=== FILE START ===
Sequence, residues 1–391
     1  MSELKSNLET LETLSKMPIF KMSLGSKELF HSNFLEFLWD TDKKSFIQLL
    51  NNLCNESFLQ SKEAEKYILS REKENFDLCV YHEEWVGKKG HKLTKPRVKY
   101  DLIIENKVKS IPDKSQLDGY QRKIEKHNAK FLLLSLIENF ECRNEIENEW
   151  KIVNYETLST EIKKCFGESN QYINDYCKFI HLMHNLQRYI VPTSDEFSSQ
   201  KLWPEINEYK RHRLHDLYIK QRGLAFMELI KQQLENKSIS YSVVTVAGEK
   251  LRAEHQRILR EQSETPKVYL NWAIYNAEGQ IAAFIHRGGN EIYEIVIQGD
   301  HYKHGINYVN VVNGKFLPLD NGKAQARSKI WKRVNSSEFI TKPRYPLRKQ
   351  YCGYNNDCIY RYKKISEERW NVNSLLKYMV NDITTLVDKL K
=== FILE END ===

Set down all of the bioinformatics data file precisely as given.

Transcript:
Sequence, residues 1–391
     1  MSELKSNLET LETLSKMPIF KMSLGSKELF HSNFLEFLWD TDKKSFIQLL
    51  NNLCNESFLQ SKEAEKYILS REKENFDLCV YHEEWVGKKG HKLTKPRVKY
   101  DLIIENKVKS IPDKSQLDGY QRKIEKHNAK FLLLSLIENF ECRNEIENEW
   151  KIVNYETLST EIKKCFGESN QYINDYCKFI HLMHNLQRYI VPTSDEFSSQ
   201  KLWPEINEYK RHRLHDLYIK QRGLAFMELI KQQLENKSIS YSVVTVAGEK
   251  LRAEHQRILR EQSETPKVYL NWAIYNAEGQ IAAFIHRGGN EIYEIVIQGD
   301  HYKHGINYVN VVNGKFLPLD NGKAQARSKI WKRVNSSEFI TKPRYPLRKQ
   351  YCGYNNDCIY RYKKISEERW NVNSLLKYMV NDITTLVDKL K